But in this family autumn signifies a few other changes. Autumn is the time that we have to put the boys on steroids to help them breathe. As the weather cools, the asthma hots up. Steroids have implications for behaviour and slowed growth rate among other things. I just don't like it. But unfortunately they are just too sick without it. Even with the steroids, they still have their fair share of ambulance rides and hospital admissions.
Autumn for us also means in addition to the small suitcase of clothes which we cart around after our 4 children on short trips to the park (anywhere really), we take puffers, spacers and nebulisers. Everywhere we go, the asthma box goes too.
With 4 kids, simple outings become a military exercise. Take this weeks swimming lessons, for example. It was raining lightly when we arrived at the pool, and the weather was cool. Out hop the 3 biggest kids in track pants, jumpers and raincoats. Get the baby out, put the baby in the front pack. Put on mummy's raincoat. Get the big kids swimming bags. Don't forget the puffer box. Right. March everyone into the pool. Inside the pool it is hot and steamy. Strip the 2 biggest kids and make sure they are ready for the lesson, all the while keeping track of track pants, jumpers and rain coats-making sure not to take your eyes off the toddler who has been known to launch himself at the pool fully clothed. Take the toddlers excess jumpers and rain coat off. Take the baby out of the front pack. Take his excess jumpers off. Return the baby to the front pack. Mummy forgot to take off excess clothing, mummy decides to swelter rather than have to take the front pack (and associated baby) off again.
Chase the toddler around as he plays chicken with the swimming instructors while baby cries in the front pack. Baby falls asleep. Just as the lesson finished. Gently help the big kids get their clothes sorted and help the toddler get his coat on all the while taking care not to wake the baby.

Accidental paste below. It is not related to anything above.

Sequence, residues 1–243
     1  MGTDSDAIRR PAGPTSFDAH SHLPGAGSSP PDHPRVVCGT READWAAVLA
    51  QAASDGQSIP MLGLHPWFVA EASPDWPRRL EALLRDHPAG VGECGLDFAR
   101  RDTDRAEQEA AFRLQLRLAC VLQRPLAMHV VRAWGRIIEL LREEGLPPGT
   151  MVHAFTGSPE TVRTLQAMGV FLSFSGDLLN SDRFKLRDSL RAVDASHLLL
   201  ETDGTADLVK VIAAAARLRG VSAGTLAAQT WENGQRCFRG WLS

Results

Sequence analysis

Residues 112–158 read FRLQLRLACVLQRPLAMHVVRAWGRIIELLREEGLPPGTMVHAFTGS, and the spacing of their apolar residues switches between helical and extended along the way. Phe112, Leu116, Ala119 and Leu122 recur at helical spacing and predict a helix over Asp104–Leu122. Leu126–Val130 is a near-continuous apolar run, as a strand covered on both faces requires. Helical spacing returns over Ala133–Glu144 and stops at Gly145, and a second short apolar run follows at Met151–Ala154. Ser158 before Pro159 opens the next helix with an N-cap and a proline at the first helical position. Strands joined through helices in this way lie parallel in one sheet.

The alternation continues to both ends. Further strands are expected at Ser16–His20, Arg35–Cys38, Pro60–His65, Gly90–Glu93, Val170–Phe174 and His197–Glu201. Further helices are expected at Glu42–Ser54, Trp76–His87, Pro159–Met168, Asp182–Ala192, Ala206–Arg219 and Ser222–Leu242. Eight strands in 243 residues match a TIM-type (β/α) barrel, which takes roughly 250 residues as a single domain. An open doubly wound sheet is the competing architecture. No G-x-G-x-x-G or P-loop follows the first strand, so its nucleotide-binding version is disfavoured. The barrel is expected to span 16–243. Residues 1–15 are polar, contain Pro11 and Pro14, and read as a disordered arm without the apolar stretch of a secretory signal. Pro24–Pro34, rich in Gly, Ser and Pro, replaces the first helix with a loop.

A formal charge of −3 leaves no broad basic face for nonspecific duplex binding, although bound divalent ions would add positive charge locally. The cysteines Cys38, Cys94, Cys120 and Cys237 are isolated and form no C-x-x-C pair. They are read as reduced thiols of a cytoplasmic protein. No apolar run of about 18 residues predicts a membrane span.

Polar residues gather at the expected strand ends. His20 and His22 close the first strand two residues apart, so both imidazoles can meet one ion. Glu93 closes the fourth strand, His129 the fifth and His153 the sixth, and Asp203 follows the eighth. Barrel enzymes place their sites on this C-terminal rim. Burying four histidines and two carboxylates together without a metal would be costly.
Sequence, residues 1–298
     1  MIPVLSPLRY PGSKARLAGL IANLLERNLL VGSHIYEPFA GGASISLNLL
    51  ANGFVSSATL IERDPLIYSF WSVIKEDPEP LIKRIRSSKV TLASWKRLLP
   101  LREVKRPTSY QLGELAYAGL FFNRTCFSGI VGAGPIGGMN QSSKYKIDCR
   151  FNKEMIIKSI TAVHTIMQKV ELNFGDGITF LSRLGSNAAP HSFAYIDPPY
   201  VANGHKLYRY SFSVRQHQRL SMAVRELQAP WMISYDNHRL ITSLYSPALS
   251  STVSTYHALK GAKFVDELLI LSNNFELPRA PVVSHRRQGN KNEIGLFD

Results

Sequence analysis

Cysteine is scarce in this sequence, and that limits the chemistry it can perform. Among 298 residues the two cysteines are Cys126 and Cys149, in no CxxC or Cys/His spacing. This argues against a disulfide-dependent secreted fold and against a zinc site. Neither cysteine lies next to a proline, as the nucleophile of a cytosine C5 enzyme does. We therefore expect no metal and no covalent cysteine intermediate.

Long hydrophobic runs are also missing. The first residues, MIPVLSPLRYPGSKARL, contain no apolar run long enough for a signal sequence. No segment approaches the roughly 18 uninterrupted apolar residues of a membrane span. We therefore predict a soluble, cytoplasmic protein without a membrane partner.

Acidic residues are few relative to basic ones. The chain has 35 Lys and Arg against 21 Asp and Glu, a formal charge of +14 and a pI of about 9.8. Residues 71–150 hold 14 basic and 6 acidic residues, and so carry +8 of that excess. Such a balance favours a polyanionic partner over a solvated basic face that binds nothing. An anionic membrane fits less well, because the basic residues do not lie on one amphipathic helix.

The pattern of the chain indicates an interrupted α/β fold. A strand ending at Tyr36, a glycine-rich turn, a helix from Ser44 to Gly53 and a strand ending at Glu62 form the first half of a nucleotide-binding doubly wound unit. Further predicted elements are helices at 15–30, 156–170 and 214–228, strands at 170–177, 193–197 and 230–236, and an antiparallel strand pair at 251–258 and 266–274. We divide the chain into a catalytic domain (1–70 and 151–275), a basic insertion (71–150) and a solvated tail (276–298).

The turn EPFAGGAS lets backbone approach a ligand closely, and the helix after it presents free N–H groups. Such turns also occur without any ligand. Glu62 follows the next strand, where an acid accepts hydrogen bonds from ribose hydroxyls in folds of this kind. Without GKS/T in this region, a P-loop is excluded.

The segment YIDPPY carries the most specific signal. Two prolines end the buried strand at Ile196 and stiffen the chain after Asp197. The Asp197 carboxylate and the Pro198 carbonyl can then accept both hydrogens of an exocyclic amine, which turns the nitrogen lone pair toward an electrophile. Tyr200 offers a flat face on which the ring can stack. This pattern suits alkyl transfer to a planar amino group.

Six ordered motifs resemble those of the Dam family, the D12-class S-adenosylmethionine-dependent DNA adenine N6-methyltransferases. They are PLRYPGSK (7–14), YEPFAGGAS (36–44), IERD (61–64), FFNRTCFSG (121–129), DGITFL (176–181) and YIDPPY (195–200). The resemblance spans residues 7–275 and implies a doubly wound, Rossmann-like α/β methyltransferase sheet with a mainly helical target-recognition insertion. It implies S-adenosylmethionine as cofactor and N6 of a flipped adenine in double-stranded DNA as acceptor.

Make it back to the car. Ask the eldest to hold toddlers hand while you sort the car out. Eldest gets distracted and pulls the toddler over, who cracks his head on the footpath (2nd eldest is also distracted). Bend over to pick toddler up. Baby, who is asleep in front pack dangles, head back and facing the open sky, mouth open and blissfully unaware of the logistics of an autumn trip to the pool. While baby is dangling, suddenly it starts raining. Hard. Baby joins his older brother in crying his heart out as it is raining right into his face, up his nose and in his mouth. Eldest needs reminding to get in the car. Again. 2nd eldest does a swan dive into the car and promptly bangs her shin on tow bar. Baby still being rained on. Baby still crying. Toddler still howling. Finally everyone in car. Call Burger Got Soul to arrange a takeaway. They're engaged. Try for several minutes. Get put through to their other shop, some 200km away.....get the picture??
If it were a summer swimming lesson it would read like this: Took kids to swimming lessons. Took them home in their towels. Had a BBQ for dinner.
Autumn is the time also when our house, seemingly bulging at the seems has to find room for washing. Washing hanging on drying racks. Everywhere. The washing seems to grow, to multiply as the season rolls onto winter, at which point the living room transforms itself onto a Chinese laundry, with the children playing on the periphery. I would run it through the dryer but as we have the lights from 6am wuntil 9:30 am and back on again at 4:30 our electriciy budget is already stretched. It doesn't help that on really dreary days the lights can stay on all day.
Winter is also the season where the eldest, not even six at the time, complained about the weather most mornings. "I'm moving to the Gold Coast with or without you. And I'm taking my fishing rod" he snapped through tears.
But enough about winter. Autumn is bad enough. Autumn, I'm sorry, but I just don't dig you.
What does autum mean to you?